The church has been a dynamic support to the African American community, but I believe it can do better. With churches on seemingly every corner in some communities, they have been successful at delivering services and support to African American women and children. But they have fallen short-far short-in reaching out to and engaging African American men. And without these men, they are missing a key contributor to the overall health of the African American family and community.
Elyce Wakerman's father died when she was three. Her loss propelled her to study the plight of young women who had grown up without a dad in their lives. In her book Father Loss, Wakerman surveyed over 700 women who had lost their fathers by either death or divorce during childhood. Wakerman was eager to find out exactly what a father contributes to his daughter's well being.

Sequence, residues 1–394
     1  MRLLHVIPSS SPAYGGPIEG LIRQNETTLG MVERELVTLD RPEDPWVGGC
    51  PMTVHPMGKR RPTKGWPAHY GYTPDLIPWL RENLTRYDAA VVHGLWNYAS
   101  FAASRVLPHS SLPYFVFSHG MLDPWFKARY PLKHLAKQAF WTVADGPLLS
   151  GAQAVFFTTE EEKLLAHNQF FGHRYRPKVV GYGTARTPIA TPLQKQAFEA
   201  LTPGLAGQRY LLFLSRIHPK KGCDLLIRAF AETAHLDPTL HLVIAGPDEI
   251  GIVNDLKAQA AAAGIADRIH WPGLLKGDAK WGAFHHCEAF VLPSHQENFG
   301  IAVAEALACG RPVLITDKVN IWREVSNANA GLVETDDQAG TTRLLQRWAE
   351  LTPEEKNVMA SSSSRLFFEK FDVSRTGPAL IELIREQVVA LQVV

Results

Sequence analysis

Fatherly rough-and-tumble play has many developmental benefits for children, particularly boys. Research shows that physical engagement—like wrestling, roughhousing (when not carried to an extreme) and warm, playful interaction—helps boys learn to regulate and control their behavior, deal with a range of emotions, and adapt to a variety of situations.